The expedition was slow-moving as it covered 4-5 miles a day. They employed woodcutters who would clear a path through the thick forest for the travellers. Livingston discovered that the Makonde people, one tribe of Africa, had no idea of what a god was. They were presented as Muslims by the slave traders when they were taken as slaves to Europe. Livingston observes in his notes that Arab slave traders did not make an effort to convert the African tribal slaves into Islam. Instead, they just focused on making money by capturing and selling them as slaves.
Slave Trade: Sketch by Livingston
Cloth: The Explorers’ Currency
In return for food items, Livingston’s team traded calico, a kind of white, unbleached cotton cloth, with the African people. These clothes were manufactured in British colonial India- in Gujarat and Kutch. Two-meter-long rectangular calicos were worn by both African men and women in a way that covers the shoulder and waist. Indigo-dyed Indian cotton clothes were the favourite attire of African people. The more durable American-made cotton, Merikani, was also popular. In many places in Africa, coins as a mode of payment had not yet gained popularity. Instead, the merchants and the Europeans who visited traded in cotton clothes, beads or brass wire. The explorers had to take with them hundreds of yarns of cotton clothes so that they could trade them and buy food for the entire cavalcade throughout the long journey - for explorers, guides, porters, woodcutters, and so on. Also, the porters and guides often wanted to get paid in cloth. The explorers also had to trade in cloth to get information and hire canoes. The price as noted by Livingston of 4 fouls is two yarns of calico.
The Mundane Life in Africa as Documented by Livingston
His notebooks provide insights into the value of the dollar in his time in Africa. For example, he notes down that he rented a house in Mikindany, near Rovuma River for four dollars a month when he had to briefly stay there. He describes the village houses as fenced with wattled mud and occasional Boabab trees in their vicinity. The people cultivated Sorghum, Maize, rice, and Cassava. Livingston noted that oysters were abundantly available in the Rovuma River through which he travelled. The products that were sold at the river ports were Sorghum, gum-copal (a resin used as incense, medicine, and glue), and orchilla weed, a plant from which cloth dyes are extracted. Throughout the journey, the entourage was bitten by tsetse flies, a kind of biting flies endemic to tropical Africa that did more harm to the cattle than humans.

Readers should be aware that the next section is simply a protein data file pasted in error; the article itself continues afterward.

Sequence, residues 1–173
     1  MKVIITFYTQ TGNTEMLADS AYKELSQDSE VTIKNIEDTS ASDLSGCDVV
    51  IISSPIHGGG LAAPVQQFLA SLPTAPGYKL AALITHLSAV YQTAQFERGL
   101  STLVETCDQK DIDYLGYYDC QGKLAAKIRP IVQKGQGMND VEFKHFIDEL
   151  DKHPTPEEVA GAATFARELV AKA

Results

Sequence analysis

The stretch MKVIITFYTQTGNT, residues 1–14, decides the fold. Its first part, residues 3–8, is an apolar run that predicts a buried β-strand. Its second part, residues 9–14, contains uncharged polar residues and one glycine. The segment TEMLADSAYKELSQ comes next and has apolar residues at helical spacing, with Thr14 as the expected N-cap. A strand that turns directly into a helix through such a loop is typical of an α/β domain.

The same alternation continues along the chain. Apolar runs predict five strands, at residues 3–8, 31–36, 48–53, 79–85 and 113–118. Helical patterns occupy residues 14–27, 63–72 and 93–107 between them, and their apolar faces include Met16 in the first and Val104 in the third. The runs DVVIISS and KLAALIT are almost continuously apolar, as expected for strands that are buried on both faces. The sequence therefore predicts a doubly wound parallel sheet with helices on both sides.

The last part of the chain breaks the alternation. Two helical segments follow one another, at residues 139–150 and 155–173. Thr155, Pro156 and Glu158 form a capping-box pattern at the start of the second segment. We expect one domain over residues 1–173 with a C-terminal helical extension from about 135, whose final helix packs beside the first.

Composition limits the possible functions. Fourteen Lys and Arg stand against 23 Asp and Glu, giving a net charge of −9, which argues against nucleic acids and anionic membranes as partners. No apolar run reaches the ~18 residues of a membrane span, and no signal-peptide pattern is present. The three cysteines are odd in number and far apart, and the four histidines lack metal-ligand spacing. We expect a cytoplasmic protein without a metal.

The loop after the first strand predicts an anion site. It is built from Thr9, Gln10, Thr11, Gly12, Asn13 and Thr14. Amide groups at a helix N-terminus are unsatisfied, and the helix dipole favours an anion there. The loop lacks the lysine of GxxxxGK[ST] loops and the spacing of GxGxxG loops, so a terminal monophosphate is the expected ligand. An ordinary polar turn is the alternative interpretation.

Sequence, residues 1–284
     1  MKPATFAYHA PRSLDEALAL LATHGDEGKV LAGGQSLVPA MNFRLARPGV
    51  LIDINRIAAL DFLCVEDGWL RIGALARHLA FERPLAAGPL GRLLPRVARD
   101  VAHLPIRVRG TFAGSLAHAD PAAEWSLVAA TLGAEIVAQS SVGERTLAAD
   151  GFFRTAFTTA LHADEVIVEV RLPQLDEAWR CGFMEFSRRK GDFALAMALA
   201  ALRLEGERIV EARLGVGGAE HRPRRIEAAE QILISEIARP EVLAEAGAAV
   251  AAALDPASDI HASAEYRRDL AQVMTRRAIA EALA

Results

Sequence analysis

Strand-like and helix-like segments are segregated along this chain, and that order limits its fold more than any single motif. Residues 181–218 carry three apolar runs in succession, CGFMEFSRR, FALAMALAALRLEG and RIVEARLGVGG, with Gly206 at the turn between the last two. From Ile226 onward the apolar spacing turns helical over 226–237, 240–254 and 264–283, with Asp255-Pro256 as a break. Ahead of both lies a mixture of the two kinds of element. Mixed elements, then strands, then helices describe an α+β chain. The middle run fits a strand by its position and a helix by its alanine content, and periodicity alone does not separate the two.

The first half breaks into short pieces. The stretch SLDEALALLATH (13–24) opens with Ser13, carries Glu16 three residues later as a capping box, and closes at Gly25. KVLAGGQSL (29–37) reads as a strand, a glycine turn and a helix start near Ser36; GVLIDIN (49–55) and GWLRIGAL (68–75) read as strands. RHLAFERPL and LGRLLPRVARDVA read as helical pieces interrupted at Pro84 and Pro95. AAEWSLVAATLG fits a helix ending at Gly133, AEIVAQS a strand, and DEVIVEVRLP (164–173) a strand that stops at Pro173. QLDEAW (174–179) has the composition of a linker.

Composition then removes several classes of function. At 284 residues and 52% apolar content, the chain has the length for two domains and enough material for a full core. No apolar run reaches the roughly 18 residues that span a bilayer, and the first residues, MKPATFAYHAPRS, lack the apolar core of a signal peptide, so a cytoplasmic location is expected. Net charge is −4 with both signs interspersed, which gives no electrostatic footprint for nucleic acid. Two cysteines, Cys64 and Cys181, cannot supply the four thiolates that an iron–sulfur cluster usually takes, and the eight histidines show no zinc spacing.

As he travelled up river, he found tribes the members of which had tattooed bodies, sharpened teeth, and women wearing large lip rings. He found out that the Makonde people would not eat the flesh of a leopard they had killed because they thought it wrong to eat the flesh of an animal that eats humans. They just took the skin and burnt the animal. When Livingston sees a vegetable that looked like a “waxy potato”, he wonders whether this could be mass-cultivated in Bombay, India. Many tribesmen told him that God was not good because he killed many people. This was their view of God. Some tribespeople asked Livingston about Bible, the book they heard was used to consult God. By the time Livingston travelled, every remote village in Africa had Arab settlers and slave traders who exploited the tribal people. He saw that in Africa, people still made fire by drilling dry sticks with their palms into a stone surface. Before drilling the stick on a stone surface, the tribal people would wet one end with their saliva, gather some silica particles on that tip by dipping it in the sand, and then drill. Certain types of fig tree sticks were good material for this way of fire-making. He also reports how people dug up holes in anthills to create ovens. During the rainy season, African people also carried fire inside dried balls of elephant dung. The use of salt for preserving food was unknown to the African tribes Livingston saw. The people used to build raised platforms on which they would slow-burn fish, meat and fruits. These platforms were also used to sleep on as the slow fire still burnt beneath it. This helped to keep off mosquitoes.